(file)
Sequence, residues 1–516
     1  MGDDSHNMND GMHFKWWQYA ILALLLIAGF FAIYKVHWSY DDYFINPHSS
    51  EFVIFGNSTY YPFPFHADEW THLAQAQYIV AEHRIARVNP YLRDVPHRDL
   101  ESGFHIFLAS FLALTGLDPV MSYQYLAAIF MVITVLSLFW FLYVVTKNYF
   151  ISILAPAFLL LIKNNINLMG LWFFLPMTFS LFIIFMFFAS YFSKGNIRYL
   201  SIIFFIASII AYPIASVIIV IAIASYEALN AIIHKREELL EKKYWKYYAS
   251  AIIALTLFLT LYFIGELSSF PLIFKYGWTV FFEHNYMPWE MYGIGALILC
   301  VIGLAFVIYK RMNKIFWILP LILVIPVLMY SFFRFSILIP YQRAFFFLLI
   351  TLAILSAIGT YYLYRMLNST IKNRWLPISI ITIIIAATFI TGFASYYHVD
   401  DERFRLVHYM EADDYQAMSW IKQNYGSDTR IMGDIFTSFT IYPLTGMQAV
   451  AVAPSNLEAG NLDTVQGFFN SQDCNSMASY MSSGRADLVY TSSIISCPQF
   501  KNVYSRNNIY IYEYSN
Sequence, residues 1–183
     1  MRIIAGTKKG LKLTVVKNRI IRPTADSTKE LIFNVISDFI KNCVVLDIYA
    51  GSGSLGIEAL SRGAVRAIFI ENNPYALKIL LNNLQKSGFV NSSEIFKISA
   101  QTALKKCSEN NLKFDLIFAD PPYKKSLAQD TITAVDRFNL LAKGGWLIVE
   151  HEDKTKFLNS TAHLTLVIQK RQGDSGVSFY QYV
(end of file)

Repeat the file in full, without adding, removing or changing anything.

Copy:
Sequence, residues 1–516
     1  MGDDSHNMND GMHFKWWQYA ILALLLIAGF FAIYKVHWSY DDYFINPHSS
    51  EFVIFGNSTY YPFPFHADEW THLAQAQYIV AEHRIARVNP YLRDVPHRDL
   101  ESGFHIFLAS FLALTGLDPV MSYQYLAAIF MVITVLSLFW FLYVVTKNYF
   151  ISILAPAFLL LIKNNINLMG LWFFLPMTFS LFIIFMFFAS YFSKGNIRYL
   201  SIIFFIASII AYPIASVIIV IAIASYEALN AIIHKREELL EKKYWKYYAS
   251  AIIALTLFLT LYFIGELSSF PLIFKYGWTV FFEHNYMPWE MYGIGALILC
   301  VIGLAFVIYK RMNKIFWILP LILVIPVLMY SFFRFSILIP YQRAFFFLLI
   351  TLAILSAIGT YYLYRMLNST IKNRWLPISI ITIIIAATFI TGFASYYHVD
   401  DERFRLVHYM EADDYQAMSW IKQNYGSDTR IMGDIFTSFT IYPLTGMQAV
   451  AVAPSNLEAG NLDTVQGFFN SQDCNSMASY MSSGRADLVY TSSIISCPQF
   501  KNVYSRNNIY IYEYSN
Sequence, residues 1–183
     1  MRIIAGTKKG LKLTVVKNRI IRPTADSTKE LIFNVISDFI KNCVVLDIYA
    51  GSGSLGIEAL SRGAVRAIFI ENNPYALKIL LNNLQKSGFV NSSEIFKISA
   101  QTALKKCSEN NLKFDLIFAD PPYKKSLAQD TITAVDRFNL LAKGGWLIVE
   151  HEDKTKFLNS TAHLTLVIQK RQGDSGVSFY QYV